The initial growth period for primary teeth begins in the second trimester of pregnancy. During this time, it is especially important for expectant mothers to eat a healthy, nutritious diet, since nutrients are needed for bone and soft tissue development.
Primary teeth usually begin to emerge when the infant is between six and eight months old. Altogether, a set of twenty primary teeth will emerge by the age of three. The American Academy of Pediatric Dentistry (AAPD) recommends a first “well-baby” dental visit around the age of twelve months (or six months after the first tooth emerges).
Which teeth emerge first?
Teeth emerge in pairs, starting at the front of the infant’s mouth. Between the ages of six and ten months, the two lower central incisors break through.
Next, the two upper central incisors emerge – usually between the ages of eight and twelve months. Teething can be quite an uncomfortable process for the infant. Between the ages of nine and sixteen months the upper lateral incisors emerge – one on either side of the central incisors. Around the same time, the lower lateral incisors emerge, meaning that the infant has four adjacent teeth on the lower and upper arches. Eight more teeth break through between the ages of thirteen and twenty three months. On each arch, a canine tooth will appear immediately adjacent to each lateral incisor. Behind, first molars will emerge on either side of the canine teeth on both jaws. Finally, a second set of molars emerges on each arch – usually beginning on the lower arch. Most children have a complete set of twenty primary teeth before the age of thirty-three months.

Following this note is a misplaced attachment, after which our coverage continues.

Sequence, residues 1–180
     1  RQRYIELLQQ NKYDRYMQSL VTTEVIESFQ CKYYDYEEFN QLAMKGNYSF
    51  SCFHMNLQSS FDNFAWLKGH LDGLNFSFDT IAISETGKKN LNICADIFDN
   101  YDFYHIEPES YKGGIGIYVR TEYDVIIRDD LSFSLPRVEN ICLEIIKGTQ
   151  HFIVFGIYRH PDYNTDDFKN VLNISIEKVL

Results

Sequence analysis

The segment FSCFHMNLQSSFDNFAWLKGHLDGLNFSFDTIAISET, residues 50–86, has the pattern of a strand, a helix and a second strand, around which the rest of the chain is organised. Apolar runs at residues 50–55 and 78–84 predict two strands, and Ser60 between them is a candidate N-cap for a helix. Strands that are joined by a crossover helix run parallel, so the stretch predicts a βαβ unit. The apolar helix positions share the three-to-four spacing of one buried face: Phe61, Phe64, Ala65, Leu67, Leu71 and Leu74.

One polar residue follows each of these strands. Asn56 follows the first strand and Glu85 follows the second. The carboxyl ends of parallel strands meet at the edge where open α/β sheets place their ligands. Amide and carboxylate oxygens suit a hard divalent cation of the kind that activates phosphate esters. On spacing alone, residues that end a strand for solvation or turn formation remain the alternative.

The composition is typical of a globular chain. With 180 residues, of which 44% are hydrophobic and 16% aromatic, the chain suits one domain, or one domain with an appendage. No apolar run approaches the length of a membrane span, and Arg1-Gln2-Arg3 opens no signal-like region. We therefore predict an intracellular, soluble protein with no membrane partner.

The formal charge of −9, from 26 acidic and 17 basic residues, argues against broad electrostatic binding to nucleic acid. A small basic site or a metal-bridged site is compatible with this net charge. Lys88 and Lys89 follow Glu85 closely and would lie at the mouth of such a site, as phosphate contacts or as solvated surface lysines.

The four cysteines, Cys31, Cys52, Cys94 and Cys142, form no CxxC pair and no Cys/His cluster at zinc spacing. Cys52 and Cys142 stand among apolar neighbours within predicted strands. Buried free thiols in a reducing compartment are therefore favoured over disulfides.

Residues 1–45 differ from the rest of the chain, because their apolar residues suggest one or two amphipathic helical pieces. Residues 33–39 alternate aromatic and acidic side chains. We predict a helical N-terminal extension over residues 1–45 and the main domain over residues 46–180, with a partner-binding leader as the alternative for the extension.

How can I reduce the risk of early caries?
Primary teeth preserve space for permanent teeth and guide their later alignment. It is critically important to learn how to care for the child’s emerging teeth.
Here are some helpful tips:
Brush twice each day – The AAPD recommends a pea-sized amount of ADA approved (non-fluoridated) toothpaste for children under two years old, and the same amount of an ADA approved (fluoridated) toothpaste for children over this age.
Start flossing – Flossing an infant’s teeth can be difficult but the process should begin when two adjacent teeth emerge.
Provide a balanced diet – Sugars and starches feed oral bacteria, which produce harmful acids and attack tooth enamel.
Set a good example – Children who see parents brushing and flossing are often more likely to follow suit
Visit the dentist – The pediatric dentist monitors oral development, provides professional cleanings, applies topical fluoride to the teeth, and coats molars with sealants.